Aisle View: Exploring the Empire, with Laughs

Seriously demented fun is on display at The Explorers Club. That is, the new play by Nell Benjamin at the Manhattan Theatre Club's Stage 1 at City Center.

Benjamin -- best known hereabouts as co-composer/lyricist of Legally Blonde -- has set her tale in one of those scientific gentleman's clubs of the Victorian Era, similar to the Royal Geographical Society. But a second-tier club, very much outclassed by its superiors. Lucius Fretway, our hero, is a botanist; he has just discovered a new species -- Phyllida venusti, he calls it -- which when smoked causes euphoria and happiness. (Fretway rolls cigars from the leaves, and yes -- the Explorers do inhale.) Professor Cope is a herpetologist who has discovered an especially poisonous cobra, Professor Walling a zoologist who has documented the intellectual abilities of the guinea pig. His experiments have proven that the critters can teach themselves to open the latches on their cages. Only now he can't find them.

Professor Sloane is an Archeo-Theologist, studying the science of the Bible. He has tracked the Ten Lost Tribes of Israel to Ireland, explaining that the ancient Hill of Tara -- the traditional seat of the High King of Ireland -- is derived from Torah. Sloane insists that the Irish be relocated to Palestine, causing a violent riot outside the Club's windows. The president of the club, Sir Harry Percy, is something of a fraud: he boasts that he has just become the first man to set foot on the East Pole. The rest of his expedition was conveniently lost, leaving him the only witness.

Complications arise with the arrival of Phyllida Spotte-Hume, a Nellie Bly-like adventuress who has discovered an unknown tribe in Pahatlabong. She brings back a native NaKong nicknamed Luigi, covered in powder-blue body paint with navy blue ribs. Luigi speaks an imaginary language, inadvertently slaps Queen Victoria in the face -- literally so -- and turns out to be an expert mixologist. Ms. Spotte-Hume also designs and builds an airship overnight, in 1879; when asked whether it is fast, she answers that it is "no use building a slow airship." No matter if we borrow some of Ms. Benjamin's jokes for dissemination here, there are plenty more.

The hazards of constructing such a farce are several, including running out of contrivances fresh enough to keep the wheels spinning; running out of second act jokes worthy of those in the first; and altogether running out of steam as the necessarily contrived plot runs its course. Benjamin keeps things bubbling nicely, with matters growing funnier rather than the opposite. She is abetted by director Marc Bruni, who keeps serving up jokes and sight gags. (He is currently represented by a very different but equally-funny opus called Old Jews Telling Jokes.) Bruni, or someone, has devised a brandy-delivery system of increasing complexity that received well-earned cheers at the performance attended.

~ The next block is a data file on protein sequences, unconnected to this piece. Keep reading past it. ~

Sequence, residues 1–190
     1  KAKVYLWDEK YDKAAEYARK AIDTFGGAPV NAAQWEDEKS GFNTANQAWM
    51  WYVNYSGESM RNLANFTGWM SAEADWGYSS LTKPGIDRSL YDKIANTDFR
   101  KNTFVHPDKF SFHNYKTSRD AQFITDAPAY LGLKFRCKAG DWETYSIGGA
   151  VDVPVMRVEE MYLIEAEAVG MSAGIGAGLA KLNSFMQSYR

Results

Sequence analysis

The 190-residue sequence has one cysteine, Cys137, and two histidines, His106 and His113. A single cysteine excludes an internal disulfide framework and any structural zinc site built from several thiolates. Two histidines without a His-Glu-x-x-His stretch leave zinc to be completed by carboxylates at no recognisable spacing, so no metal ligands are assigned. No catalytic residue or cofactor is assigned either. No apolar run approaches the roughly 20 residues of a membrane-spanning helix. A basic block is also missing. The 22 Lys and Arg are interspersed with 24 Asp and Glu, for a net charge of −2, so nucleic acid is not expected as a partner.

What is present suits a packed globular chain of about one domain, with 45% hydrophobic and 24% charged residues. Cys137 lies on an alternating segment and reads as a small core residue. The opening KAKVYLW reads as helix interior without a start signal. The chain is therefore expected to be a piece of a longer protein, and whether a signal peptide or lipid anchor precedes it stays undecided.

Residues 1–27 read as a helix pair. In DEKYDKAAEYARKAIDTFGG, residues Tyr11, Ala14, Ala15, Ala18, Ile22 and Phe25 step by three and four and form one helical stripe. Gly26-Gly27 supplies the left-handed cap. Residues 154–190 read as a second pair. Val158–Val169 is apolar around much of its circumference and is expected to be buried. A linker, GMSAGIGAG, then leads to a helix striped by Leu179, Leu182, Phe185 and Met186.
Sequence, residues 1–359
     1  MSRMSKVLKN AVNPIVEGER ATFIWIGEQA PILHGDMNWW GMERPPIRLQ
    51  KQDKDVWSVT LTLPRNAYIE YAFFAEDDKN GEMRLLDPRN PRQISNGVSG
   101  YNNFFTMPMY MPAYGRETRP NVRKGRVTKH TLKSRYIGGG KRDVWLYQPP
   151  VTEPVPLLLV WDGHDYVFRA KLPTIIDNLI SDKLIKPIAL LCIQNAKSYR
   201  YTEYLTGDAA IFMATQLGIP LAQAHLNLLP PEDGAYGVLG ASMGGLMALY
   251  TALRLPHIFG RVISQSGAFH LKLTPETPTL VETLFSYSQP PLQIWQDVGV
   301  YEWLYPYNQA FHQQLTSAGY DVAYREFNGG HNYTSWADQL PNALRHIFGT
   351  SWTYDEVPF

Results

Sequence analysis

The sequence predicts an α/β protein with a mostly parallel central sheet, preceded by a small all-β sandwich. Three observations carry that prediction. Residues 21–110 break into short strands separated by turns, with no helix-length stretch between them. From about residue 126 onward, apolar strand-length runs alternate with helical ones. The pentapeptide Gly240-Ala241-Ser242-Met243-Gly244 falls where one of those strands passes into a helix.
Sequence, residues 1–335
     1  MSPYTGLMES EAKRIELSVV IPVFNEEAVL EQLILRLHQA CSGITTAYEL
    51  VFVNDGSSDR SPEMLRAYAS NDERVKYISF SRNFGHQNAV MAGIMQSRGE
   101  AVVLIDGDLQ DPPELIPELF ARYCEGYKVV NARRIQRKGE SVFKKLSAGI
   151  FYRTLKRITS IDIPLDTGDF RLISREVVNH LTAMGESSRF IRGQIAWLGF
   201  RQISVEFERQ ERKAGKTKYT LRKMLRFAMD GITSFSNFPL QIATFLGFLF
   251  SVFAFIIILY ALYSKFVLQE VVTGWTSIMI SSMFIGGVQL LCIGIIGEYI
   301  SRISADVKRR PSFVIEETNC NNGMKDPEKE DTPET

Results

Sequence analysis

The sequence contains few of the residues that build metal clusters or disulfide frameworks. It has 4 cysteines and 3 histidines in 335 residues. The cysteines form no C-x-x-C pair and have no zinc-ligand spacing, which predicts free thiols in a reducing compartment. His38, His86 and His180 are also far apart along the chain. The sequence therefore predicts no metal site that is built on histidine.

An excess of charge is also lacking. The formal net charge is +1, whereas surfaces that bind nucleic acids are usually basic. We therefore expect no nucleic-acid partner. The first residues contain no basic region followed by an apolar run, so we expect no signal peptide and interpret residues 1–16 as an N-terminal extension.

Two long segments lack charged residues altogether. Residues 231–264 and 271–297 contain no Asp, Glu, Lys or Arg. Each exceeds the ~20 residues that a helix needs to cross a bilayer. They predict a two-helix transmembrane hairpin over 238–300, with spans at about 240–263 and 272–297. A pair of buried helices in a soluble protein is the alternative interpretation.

Laurence O'Keefe -- also of Legally Blonde, as well as serving as the playwright's husband -- has provided gleefully bubbly music, mostly for scene changes. Standing out among the other contributions is the set by Donyale Werle (of Peter and the Starcatcher and Bloody Bloody Andrew Jackson). The Explorers Club may be intended as an also ran compared to the Geographic Society, but the multi-level barroom of the clubhouse -- with eight stuffed heads, among other decorations -- is luxe (if off-kilter).

Making matters even better is the cast. Jennifer Westfeldt (sister Eileen in Donna Murphy's Wonderful Town, screenwriter/star of Kissing Jessica Stein) is dandy as the indefatigable scientist storming the all-male precincts of the tradition-bound gentlemen's club. Lorenzo Pisoni -- memorable as the horse "Nugget" opposite Daniel Radcliffe in the recent Equus -- is capital as the shy botanist who loves the girl, while David Furr is suitably blustery as the conceited explorer from the East Pole.

Arnie Burton -- most recently Mrs. Bumbrake in Peter and the Starcatcher -- gives another droll performance as an ex-explorer turned chief of the Warrior Monks of Jho Dae. Carson Elrod -- like Burton an alumnus of Starcatcher, in which he played the obnoxious orphan -- is wonderful as the feral jungle-man Luigi. It is hard to tell what he actually looks like, though, with all that bluing. Finally, we have John McMartin as the hyper-religious, hyper-mysogonistic Sloane, ineffectively flapping his wrist to ward off the "harlot" with her ruby red lips. McMartin has been giving sly performances since Little Mary Sunshine in 1959, but I have never seen him quite so funny as he is here.

There are no doubt some current playgoers who will find the fast-paced and word-packed humor a bit too Marxian -- Groucho, not Karl -- for their taste. For those who appreciate the finer things, though, Nell Benjamin's Explorers Club is deliciously daffy and downright dandy.